Pope Francis turned from the halls of power to the hearth on Saturday, leaving behind Congress and the United Nations on his six-day United States trip for Philadelphia and events marking the World Meeting of Families — the original reason for the timing of his visit.
The third and final leg of the pontiff’s first visit to this country will feature the week’s biggest events — organizers expect perhaps one million people each at a celebration on Saturday evening at a site along the Benjamin Franklin Parkway and at a Mass there on Sunday afternoon. Francis will most likely speak about the church’s teachings on the value of family life.
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Old St. Joseph’s Church in Philadelphia, which embraces immigrants, is looking forward to the pope’s visit to the city.
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The Spanish Mass at St. Simon Stock Church in the Bronx, which now includes the parish of the former St. Joseph’s Church. They merged this summer when St. Joseph’s was closed.
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The first stop on Saturday is the Cathedral Basilica of Saints Peter and Paul, the 151-year-old seat of the Philadelphia archdiocese, to celebrate Mass for bishops and priests. Later, he will meet with seminarians at St. Charles Borromeo Seminary, and in the afternoon he will visit with Hispanic-Americans and immigrants at Independence Mall, where he is expected to speak about religious liberty and immigrants from a lectern used by Abraham Lincoln.
A banner bearing the image of Pope Francis hung outside the Pennsylvania Convention Center in Philadelphia on Friday. Credit David Goldman/Associated Press
On Sunday morning, Francis will meet with bishops attending the families meeting and will call on detainees, their families and staff members at Curran-Fromhold prison, where inmates have made him a chair, before the big afternoon Mass.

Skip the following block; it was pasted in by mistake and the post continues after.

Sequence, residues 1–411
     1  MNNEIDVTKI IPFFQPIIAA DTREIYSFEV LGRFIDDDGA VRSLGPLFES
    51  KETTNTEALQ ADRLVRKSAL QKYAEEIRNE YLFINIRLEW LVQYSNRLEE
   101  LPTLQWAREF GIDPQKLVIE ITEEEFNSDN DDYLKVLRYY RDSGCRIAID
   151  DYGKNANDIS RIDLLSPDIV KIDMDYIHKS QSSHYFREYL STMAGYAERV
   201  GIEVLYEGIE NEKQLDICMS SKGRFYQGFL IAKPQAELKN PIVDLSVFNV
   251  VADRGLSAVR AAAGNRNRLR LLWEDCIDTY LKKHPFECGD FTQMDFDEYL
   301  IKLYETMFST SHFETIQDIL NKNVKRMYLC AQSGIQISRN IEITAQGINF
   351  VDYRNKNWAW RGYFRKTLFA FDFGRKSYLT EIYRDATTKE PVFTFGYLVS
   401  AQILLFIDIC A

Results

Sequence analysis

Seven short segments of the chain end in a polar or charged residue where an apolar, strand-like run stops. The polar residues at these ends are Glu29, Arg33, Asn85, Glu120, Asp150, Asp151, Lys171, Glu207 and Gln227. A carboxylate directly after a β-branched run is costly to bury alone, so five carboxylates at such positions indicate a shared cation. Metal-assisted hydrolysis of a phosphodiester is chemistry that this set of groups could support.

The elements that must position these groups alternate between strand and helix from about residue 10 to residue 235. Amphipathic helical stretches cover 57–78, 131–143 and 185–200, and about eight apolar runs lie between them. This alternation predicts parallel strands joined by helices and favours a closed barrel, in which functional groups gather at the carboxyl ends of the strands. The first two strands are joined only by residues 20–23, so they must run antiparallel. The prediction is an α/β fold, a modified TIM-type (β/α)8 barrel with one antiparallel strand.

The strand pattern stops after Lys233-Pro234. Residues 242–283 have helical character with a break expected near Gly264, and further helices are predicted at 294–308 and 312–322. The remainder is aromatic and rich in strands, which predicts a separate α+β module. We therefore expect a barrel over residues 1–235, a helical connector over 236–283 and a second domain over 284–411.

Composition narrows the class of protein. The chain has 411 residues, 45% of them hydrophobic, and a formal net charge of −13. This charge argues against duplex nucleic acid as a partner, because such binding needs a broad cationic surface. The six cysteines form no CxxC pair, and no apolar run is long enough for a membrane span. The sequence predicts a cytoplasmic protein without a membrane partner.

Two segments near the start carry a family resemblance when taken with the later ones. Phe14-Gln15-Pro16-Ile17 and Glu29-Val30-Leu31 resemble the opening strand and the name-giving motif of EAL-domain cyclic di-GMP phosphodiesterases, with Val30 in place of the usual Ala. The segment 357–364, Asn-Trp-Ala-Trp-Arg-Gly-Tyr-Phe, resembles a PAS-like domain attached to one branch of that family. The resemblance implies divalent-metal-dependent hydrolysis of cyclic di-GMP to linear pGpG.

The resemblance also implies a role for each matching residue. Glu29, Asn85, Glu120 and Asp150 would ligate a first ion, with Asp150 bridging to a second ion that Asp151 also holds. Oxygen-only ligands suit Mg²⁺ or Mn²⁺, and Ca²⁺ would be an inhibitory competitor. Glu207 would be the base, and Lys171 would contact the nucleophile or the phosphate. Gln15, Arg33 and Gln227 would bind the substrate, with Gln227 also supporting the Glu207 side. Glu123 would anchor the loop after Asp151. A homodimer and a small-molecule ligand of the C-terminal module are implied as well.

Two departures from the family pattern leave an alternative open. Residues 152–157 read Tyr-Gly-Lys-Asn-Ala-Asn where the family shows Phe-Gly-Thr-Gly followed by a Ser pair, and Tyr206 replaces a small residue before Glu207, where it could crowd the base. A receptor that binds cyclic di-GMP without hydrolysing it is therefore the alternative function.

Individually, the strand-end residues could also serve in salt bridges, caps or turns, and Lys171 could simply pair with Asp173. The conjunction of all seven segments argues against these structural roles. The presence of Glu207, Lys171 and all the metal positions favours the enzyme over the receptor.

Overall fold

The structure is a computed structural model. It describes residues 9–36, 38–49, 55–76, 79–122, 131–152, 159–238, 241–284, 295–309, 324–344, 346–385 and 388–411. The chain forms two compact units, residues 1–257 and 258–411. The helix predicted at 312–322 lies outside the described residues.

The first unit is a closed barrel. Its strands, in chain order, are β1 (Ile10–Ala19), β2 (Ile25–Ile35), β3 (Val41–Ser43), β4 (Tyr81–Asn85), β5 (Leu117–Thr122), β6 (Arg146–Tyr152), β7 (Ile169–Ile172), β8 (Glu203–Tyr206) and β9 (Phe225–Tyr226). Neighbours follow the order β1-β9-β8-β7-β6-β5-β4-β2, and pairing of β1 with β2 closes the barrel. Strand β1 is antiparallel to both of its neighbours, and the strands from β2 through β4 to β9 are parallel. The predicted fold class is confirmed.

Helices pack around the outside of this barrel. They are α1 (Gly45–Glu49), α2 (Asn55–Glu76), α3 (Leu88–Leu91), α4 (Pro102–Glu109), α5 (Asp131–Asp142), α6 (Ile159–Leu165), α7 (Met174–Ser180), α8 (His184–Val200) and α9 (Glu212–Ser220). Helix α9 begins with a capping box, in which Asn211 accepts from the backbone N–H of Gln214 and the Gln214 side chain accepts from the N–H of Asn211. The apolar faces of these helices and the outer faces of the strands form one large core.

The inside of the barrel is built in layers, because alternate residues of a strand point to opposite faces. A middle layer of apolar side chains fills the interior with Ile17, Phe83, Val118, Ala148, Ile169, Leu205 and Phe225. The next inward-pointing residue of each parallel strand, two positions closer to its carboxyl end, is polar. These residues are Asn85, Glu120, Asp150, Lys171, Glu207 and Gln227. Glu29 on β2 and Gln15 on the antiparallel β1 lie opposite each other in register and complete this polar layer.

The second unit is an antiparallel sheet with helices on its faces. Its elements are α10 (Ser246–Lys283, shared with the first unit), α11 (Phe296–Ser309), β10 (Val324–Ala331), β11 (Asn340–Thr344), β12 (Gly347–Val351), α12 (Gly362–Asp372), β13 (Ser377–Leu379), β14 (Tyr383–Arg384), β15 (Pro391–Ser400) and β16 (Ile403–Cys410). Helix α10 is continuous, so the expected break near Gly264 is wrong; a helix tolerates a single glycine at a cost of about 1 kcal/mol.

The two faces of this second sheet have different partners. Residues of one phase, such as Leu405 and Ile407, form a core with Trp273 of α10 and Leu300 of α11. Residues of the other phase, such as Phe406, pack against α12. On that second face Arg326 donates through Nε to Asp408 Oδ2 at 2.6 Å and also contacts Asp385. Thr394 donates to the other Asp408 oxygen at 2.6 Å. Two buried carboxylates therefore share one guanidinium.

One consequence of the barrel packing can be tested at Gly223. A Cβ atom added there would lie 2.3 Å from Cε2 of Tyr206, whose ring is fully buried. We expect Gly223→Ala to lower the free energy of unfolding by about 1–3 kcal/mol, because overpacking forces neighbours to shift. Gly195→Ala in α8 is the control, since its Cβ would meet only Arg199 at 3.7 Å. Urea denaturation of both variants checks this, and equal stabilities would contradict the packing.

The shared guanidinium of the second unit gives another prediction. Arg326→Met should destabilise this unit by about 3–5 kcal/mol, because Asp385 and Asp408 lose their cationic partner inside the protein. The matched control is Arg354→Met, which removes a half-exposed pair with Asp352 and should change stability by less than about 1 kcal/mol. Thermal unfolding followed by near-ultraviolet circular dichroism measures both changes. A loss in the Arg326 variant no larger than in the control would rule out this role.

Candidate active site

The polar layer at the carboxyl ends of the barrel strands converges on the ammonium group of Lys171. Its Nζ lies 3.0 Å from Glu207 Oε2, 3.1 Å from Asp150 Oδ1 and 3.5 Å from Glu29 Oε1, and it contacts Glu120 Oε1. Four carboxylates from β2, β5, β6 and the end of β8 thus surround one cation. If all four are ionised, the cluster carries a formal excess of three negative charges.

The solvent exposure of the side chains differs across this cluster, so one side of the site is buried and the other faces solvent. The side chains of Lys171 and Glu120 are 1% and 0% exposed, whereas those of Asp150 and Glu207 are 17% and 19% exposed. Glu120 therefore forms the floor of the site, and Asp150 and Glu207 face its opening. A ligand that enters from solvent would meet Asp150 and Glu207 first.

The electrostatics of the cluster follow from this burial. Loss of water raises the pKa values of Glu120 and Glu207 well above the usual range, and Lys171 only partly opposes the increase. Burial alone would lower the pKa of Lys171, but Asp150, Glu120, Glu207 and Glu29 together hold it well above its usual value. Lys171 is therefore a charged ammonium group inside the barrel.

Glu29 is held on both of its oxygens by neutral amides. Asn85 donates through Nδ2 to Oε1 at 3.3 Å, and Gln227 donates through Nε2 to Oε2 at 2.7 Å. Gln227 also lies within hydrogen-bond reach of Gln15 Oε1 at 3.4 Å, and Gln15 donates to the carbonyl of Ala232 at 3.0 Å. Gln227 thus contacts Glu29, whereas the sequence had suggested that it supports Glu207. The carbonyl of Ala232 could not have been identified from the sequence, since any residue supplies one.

Jumbotrons flanking the parkway and placed in spots downtown will allow viewers to watch Francis live all weekend, according to planners.
He is scheduled to leave for the Vatican at 8 p.m., seen off by a delegation including Vice President Joseph R. Biden Jr. and his wife, Dr. Jill Biden; Gov. Tom Wolf of Pennsylvania; and Mayor Michael A. Nutter of Philadelphia.
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So far on the visit, Francis’ 10th foreign trip, the pontiff’s main themes have been protecting the environment, cherishing immigrants and appealing for dialogue, with forays into other close-to-the heart themes.
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Francis in America
But family issues have been forcing themselves to the top of the agenda at the Vatican, and the pope’s speeches capping off the families meeting here will be listened to closely for what they may say about how the church will address same-sex unions and whether it will change its rules regarding divorced and remarried Catholics.
Major changes are not expected, though in recent months, Francis has eased the path to annulments and had once said, “Who am I to judge?” regarding gay priests.
Within a week of his return, the bishops of the church will convene a major meeting, or synod, on the family at the Vatican.